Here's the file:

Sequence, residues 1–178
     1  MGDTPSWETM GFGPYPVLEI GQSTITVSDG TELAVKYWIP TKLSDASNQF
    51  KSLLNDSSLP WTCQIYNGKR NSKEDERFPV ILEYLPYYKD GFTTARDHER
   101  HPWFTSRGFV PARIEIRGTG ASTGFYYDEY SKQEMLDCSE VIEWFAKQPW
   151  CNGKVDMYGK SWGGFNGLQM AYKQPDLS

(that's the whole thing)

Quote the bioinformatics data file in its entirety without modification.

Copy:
Sequence, residues 1–178
     1  MGDTPSWETM GFGPYPVLEI GQSTITVSDG TELAVKYWIP TKLSDASNQF
    51  KSLLNDSSLP WTCQIYNGKR NSKEDERFPV ILEYLPYYKD GFTTARDHER
   101  HPWFTSRGFV PARIEIRGTG ASTGFYYDEY SKQEMLDCSE VIEWFAKQPW
   151  CNGKVDMYGK SWGGFNGLQM AYKQPDLS